For Kate Buddeke, it all began with hormones. She wanted to be a rock ‘n’ roll singer, but in the early 70s a friend invited her to a rehearsal of the Chicago Free Theater, which put on original rock operas. She was 16. “I kind of fell in love with this guy onstage,” she says. “They said they had classes on Monday nights, so I went–just to go meet this guy. And then I ended up in the Free Theater.”

A Free Theater show in New York led to a part in a European touring production of Hair, which got kind of hairy in Spain. “We were with some shady people,” she says. “I didn’t speak a word of Spanish, mind you, so I didn’t really know what was going on. I mean, the producers of the show were very–I don’t know, I want to say mafioso but I didn’t know. We had to flee one night in a Volkswagen to get away from this guy and ended up in London.”

She stayed in Europe for ten years, acting and singing in a band. “That’s why I did Free Theater and Hair–it’s like rock ‘n’ roll. It wasn’t really about acting.” She only returned to the U.S. in 1986 when her mom became ill.

Back in Chicago she fronted an all-girl punk band called Katch, but she had changed. To her surprise, acting began to take precedence. Since then she’s won Jeff Awards for her performances in Gypsy, David’s Mother, and Dancing at Lughnasa. In 1994 she landed a featured role in a revival of Carousel, which ran on Broadway for a year and a half. She hated every minute of it. “Except for my boots.” She’d decided she despised musicals: “They can be two-dimensional. They don’t really reach down and grab you. Also I think the actors tend to concentrate more on songs than acting.”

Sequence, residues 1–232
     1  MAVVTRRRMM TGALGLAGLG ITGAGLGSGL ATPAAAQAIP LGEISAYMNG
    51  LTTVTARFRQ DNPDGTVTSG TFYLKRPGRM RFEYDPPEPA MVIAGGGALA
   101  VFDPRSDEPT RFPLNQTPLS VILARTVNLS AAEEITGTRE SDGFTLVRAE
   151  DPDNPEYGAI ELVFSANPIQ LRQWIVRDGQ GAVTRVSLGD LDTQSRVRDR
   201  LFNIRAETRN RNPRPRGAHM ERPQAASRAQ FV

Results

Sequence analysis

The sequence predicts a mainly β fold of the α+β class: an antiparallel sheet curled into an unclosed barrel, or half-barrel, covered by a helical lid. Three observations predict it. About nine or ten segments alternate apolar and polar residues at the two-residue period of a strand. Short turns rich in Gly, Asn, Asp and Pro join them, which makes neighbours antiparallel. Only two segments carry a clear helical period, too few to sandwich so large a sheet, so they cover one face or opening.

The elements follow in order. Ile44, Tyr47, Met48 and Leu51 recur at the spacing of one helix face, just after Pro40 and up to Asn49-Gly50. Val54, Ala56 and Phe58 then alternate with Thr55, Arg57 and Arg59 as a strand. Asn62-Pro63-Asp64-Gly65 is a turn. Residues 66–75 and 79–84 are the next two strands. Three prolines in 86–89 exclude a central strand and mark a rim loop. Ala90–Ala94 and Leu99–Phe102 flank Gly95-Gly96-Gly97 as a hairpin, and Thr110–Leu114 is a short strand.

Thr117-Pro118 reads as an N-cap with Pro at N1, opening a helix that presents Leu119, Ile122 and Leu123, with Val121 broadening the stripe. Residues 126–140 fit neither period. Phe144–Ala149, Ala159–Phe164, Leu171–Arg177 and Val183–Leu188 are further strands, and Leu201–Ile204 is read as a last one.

Buddeke recently spent a little over a year as Brian Dennehy’s other woman in the Goodman Theatre’s production of Death of a Salesman both here and on Broadway. Despite her success, she can be a bit starstruck. On opening night in New York there was an incident: “Gregory Peck was there,” she says. “And Gregory Peck is in my all-time favorite movie, To Kill a Mockingbird. I had to meet Gregory.” But a woman was standing between them. “I kind of pushed her out of the way because I was so focused on Gregory Peck. And someone told me, ‘Kate! You just shoved Lauren Bacall!’ I thought, ‘Tough.’ But she was cute, she was OK about it. I think.”

Buddeke’s glad to be back in Chicago, where she says the emphasis is on “the actual production and not so much like who’s in the audience.” For her next play she’s taking on two characters in American Theater Company’s production of Paula Vogel’s The Mineola Twins. It’s about identical twins who are far from identical in their beliefs: one is a sweet bobby-soxer who becomes a conservative talk-show host; the other is a promiscuous delinquent who grows up to be an activist for abortion rights.

Last Tuesday Buddeke spoke to a group of high school drama students at a family-style restaurant in Schaumburg. Her fellow panelists were two former television child stars: Barry Williams of The Brady Bunch and Jerry Mathers of Leave It to Beaver. “It was kinda like taking an acid trip–which I was probably doing when they were on TV,” she says. “We had to talk to these students, and here were these two guys–Greg Brady and the Beav–who spent their whole entire careers being this one guy, you know. No matter what they do the rest of their lives they’re gonna be Greg Brady and the Beav. So I was thinking how lucky I am that that will never happen to me.”

The Mineola Twins starts previews Wednesday, April 26, at 7:30 and runs through May 27 at American Theater Company, 1909 W. Byron. Tickets are $18.50 to $24.50. For more information, see the theater listings in Section Two or call 773-929-1031. –Jerome Ludwig

Art accompanying story in printed newspaper (not available in this archive): photo/Nathan Mandell.